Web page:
Love This Idea

The One Thing I Do Every Year Before School Starts To Help My Anxious Child

Will it work for you? Maybe. Is it fun AF? Yes!

by Amber Guetebier
Originally Published: 
A woman hugs her son on the beach.
Jordi Salas/Getty Images

Weeks before the new school year even begins, parents get bombarded with back-to-school advertising — so much so that it starts to feel like summer is over by mid-July. Anxiety over all of the supplies we need and whether or not our kids are going to be OK this year can, quite honestly, be crushing. By the time my son hit third grade, I'd had enough. So, I came up with a plan to try something a little different: a summer trip that backs right up to the start of school.

I will be the first to say that my back-to-school plan might not work for your family. In fact, for some kids, it could induce anxiety. Kids who struggle with sleeping away from their own beds or who need the comfort of the day-to-day routine may find this plan too disruptive to implement right before school starts. But in my family, distraction works wonders to shake us out of our end-of-summer dread and keep us in the moment.

I also happen to live somewhere where the first day of school is just after Labor Day, so we don't go back to school until September. This means we take trips in late August, which also has the perk of being shoulder season in many places. Hotels are a little cheaper, airfare is often lower, and crowds start thinning out. And if you work with a lot of other parents, you'll find that you will not overlap with their vacations as much if you delay your big trip to later in the summer.

The heart of the "plan," though, is not about cutting costs or avoiding crowds. It's about making memories and having fun. It's also become a bit of a coping tool in an unexpected way: Our family looks forward to the end of summer because we have something exciting to look forward to. Often, we'll pick up a few cool back-to-school supplies on the trip, like a souvenir pencil case or pens. This helps our son remember his trip throughout the school year, too, giving him a reference point to connect to on the toughest days. He can pick out a few items of clothing, helping curb the rigamarole of back-to-school shopping.

(For what it's worth, I use Stitch Fix Kids for most of my BTS clothing shopping. I schedule it to arrive a week or two before the start day, and my son can try things on at his own pace. He generally loathes clothing shopping, and I've found the prices are very affordable for kids' clothes.)

One summer, we took a trip to Ireland, where it turns out August is Heritage Month and tons of local sites were free to visit. He picked out some Irish athletic gear and got notebooks with the Irish language describing the subjects from the park gift shop. Another summer, the one right before middle school started, my son and I took a trip together across the country on an Amtrak. We even got a little sleeping car. This year, we plan on doing more of a staycation in a nearby town, where we'll be able to stay in a hotel with a waterpark and stay up late watching Nailed It for three days.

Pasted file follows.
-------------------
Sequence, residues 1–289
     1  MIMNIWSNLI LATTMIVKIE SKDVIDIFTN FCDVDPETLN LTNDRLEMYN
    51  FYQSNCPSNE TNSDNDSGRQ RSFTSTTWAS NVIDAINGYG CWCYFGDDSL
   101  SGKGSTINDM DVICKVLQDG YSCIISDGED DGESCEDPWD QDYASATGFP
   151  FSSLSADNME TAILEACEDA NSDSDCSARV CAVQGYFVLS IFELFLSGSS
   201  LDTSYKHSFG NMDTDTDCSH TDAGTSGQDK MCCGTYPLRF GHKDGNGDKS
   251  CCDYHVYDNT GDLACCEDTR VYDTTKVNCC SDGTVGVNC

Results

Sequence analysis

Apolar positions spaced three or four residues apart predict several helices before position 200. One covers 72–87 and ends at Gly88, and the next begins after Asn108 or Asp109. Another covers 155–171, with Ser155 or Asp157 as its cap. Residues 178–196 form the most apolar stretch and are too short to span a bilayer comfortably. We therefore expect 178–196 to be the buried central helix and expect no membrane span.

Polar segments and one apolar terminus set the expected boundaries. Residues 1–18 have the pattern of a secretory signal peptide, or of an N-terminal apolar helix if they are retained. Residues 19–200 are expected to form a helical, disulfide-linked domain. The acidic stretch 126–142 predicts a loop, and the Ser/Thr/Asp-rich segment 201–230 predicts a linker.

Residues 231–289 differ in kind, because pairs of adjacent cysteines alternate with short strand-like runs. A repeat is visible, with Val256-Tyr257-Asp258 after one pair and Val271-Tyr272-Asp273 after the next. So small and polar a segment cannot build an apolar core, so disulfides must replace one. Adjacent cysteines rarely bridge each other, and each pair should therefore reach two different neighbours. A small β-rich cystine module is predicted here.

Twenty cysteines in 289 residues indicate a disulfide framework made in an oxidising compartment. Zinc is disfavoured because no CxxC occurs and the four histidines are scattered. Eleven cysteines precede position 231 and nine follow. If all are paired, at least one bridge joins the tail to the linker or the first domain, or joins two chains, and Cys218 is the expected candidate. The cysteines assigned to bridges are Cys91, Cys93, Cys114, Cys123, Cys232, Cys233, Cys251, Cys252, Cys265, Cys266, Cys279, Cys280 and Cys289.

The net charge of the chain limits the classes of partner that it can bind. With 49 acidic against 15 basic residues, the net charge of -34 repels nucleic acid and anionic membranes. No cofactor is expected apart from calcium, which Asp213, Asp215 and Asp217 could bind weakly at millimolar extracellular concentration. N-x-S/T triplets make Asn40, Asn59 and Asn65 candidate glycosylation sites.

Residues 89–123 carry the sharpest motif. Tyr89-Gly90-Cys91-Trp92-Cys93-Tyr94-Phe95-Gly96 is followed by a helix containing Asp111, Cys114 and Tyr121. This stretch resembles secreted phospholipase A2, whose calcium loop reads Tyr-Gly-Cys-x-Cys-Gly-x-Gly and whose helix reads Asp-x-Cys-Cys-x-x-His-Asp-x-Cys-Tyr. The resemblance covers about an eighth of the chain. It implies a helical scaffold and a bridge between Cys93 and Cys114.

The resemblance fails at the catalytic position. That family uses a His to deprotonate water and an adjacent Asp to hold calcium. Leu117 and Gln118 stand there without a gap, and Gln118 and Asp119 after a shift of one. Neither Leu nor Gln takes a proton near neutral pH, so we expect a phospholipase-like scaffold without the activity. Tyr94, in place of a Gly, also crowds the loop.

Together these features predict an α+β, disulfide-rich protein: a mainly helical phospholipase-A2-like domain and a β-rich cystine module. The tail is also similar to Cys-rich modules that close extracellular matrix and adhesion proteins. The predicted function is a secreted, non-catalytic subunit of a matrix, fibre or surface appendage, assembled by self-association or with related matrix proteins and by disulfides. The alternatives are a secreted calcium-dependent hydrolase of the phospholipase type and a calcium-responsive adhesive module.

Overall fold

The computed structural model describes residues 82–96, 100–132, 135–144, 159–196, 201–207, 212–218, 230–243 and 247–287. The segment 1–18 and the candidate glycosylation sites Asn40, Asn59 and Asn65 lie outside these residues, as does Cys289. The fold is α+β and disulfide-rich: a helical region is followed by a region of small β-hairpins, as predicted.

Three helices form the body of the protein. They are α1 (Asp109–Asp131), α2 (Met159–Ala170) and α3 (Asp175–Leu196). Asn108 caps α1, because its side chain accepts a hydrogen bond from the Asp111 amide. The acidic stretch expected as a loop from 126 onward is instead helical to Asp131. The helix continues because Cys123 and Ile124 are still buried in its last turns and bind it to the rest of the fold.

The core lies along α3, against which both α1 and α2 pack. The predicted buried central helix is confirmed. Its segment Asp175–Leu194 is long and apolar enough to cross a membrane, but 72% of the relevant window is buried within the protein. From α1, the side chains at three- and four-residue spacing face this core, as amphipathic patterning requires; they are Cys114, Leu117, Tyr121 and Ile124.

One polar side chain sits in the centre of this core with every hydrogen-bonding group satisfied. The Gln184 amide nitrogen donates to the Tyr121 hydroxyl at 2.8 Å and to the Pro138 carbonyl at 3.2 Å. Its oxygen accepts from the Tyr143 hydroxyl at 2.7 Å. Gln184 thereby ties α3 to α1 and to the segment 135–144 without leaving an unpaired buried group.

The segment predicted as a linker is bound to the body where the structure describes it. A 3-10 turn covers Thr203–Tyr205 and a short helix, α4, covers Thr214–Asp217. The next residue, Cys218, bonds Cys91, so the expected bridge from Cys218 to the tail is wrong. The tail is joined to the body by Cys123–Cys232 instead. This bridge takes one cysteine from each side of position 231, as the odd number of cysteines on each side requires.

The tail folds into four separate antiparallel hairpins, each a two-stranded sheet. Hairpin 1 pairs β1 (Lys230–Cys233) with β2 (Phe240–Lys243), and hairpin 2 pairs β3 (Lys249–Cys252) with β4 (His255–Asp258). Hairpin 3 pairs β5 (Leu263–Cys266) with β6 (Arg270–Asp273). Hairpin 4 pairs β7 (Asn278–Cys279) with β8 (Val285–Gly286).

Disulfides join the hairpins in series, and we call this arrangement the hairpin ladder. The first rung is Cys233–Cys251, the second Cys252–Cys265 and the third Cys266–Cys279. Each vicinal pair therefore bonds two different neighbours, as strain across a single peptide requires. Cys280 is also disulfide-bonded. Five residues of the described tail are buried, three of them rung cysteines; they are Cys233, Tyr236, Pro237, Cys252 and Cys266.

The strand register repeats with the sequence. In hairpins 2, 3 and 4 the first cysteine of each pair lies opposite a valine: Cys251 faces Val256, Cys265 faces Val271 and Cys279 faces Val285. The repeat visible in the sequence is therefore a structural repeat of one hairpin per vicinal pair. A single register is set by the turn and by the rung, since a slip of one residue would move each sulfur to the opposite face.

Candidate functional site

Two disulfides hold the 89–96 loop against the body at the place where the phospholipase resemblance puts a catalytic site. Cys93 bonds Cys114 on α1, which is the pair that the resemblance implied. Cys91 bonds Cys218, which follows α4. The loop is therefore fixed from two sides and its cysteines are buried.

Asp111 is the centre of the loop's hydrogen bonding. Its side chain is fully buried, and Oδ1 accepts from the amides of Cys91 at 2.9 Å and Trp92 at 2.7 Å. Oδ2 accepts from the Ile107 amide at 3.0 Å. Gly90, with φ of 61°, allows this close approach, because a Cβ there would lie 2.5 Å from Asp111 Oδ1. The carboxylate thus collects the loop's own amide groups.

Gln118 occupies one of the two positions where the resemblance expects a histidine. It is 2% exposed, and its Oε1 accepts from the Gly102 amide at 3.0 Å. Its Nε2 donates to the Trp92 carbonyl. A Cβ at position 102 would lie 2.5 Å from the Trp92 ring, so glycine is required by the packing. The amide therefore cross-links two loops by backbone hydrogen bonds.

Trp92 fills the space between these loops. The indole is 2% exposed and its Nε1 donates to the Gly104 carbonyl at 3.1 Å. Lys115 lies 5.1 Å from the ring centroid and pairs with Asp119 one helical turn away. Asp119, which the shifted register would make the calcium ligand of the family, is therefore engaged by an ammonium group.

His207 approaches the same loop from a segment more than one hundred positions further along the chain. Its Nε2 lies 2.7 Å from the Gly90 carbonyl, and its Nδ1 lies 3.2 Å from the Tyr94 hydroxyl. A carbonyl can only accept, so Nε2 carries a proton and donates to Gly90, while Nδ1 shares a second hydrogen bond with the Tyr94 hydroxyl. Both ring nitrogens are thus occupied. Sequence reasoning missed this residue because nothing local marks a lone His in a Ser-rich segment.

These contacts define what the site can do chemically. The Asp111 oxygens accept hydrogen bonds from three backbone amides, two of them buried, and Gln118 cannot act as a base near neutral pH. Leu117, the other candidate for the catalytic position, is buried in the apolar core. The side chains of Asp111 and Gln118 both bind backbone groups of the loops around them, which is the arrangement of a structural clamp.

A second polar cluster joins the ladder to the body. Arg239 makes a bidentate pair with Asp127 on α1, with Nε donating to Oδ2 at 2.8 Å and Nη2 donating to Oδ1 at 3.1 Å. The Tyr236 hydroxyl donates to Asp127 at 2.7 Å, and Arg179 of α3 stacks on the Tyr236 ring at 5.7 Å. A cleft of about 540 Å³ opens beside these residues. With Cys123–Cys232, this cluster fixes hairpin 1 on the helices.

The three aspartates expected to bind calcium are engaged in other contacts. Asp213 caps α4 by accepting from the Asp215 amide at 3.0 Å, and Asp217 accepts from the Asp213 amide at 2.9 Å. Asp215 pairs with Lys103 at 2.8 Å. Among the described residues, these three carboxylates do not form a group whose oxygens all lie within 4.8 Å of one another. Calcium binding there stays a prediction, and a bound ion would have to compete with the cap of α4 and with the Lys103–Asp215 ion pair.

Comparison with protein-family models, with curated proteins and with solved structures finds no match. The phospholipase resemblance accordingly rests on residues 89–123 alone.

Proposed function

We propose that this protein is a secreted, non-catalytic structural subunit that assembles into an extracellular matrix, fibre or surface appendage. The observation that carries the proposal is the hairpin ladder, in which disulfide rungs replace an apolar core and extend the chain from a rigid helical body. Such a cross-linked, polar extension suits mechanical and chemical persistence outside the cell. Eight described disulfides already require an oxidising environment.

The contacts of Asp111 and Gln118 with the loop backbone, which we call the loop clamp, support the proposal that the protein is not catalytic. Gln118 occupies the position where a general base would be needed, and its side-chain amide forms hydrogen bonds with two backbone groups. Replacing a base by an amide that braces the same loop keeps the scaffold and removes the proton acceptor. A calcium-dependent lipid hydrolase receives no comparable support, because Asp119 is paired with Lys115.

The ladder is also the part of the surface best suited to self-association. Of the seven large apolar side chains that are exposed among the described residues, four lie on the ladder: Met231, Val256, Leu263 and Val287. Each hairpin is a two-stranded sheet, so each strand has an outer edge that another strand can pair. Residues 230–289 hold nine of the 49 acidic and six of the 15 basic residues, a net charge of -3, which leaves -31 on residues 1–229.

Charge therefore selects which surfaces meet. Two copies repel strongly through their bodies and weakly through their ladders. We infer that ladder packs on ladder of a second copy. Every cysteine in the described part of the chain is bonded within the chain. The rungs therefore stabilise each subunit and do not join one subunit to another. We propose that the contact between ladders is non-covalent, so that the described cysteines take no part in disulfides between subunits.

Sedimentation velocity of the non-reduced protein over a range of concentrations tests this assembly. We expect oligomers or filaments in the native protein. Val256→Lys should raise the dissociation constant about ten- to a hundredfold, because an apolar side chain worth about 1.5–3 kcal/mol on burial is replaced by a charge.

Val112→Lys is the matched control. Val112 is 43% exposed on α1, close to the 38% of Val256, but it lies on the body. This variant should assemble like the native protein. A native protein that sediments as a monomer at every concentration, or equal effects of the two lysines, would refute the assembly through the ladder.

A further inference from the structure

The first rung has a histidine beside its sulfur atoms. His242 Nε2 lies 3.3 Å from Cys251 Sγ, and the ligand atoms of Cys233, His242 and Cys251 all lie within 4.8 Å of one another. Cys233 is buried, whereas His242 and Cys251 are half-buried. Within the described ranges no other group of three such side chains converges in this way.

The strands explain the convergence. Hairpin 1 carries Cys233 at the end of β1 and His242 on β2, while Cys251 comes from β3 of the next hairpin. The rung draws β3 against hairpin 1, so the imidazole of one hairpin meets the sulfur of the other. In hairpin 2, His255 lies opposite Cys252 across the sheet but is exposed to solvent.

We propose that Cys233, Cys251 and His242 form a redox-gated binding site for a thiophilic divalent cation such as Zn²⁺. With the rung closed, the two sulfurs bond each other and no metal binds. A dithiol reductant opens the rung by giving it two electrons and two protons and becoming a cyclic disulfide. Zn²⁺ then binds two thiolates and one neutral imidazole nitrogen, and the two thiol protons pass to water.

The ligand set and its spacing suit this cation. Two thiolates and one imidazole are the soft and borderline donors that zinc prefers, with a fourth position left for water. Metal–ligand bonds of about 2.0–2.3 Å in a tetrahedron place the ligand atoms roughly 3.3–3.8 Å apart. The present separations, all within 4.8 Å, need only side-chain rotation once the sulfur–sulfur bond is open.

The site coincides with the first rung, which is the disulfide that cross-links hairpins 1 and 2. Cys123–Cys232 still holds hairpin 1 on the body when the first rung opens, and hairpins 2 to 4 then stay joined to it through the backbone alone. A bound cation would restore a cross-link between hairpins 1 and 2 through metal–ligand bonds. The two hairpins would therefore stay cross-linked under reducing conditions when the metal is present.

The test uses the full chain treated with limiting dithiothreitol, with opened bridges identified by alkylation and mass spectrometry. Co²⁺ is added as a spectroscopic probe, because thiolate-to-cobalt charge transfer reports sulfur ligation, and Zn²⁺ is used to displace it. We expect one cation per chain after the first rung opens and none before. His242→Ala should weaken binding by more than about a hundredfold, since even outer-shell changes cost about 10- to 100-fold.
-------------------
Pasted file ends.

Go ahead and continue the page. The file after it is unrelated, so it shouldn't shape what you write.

The sweet spot is returning from the trip two to three days before school starts. If you are changing time zones, aim for three. If it's more of a local trip, two is enough. A timeframe like this gives you one day to recoup with enough time to figure out if you need to buy anything else last minute. It also allows for a last day/evening to do something easy and meaningful, like having dinner together and recalling some memories from the trip. I sometimes make a photo book we can look through as the school year progresses.

I'm big on last hurrahs. About two years ago, I implemented a vacation policy in our household. If we go on a big trip we've been planning for a long time, instead of spending the last night somewhere convenient (like at the airport), we always stay somewhere special. Doing so makes us feel like we're still on vacation (we are) and sets the tone to have a beautiful last night in the place you've spent so much effort to get to. We've splurged for castles or glamp-grounds to make that final night something we'll never forget.

My son generally enjoys school and has been lucky with many wonderful teachers over the years. Our district offers a lot of social and emotional support for struggling students. But even in the best of schools, the start of school and the unknown of the year ahead can be rough. Having an end-of-summer hurrah helps celebrate the milestone while making it as positive as possible — for him and for me.

This article was originally published on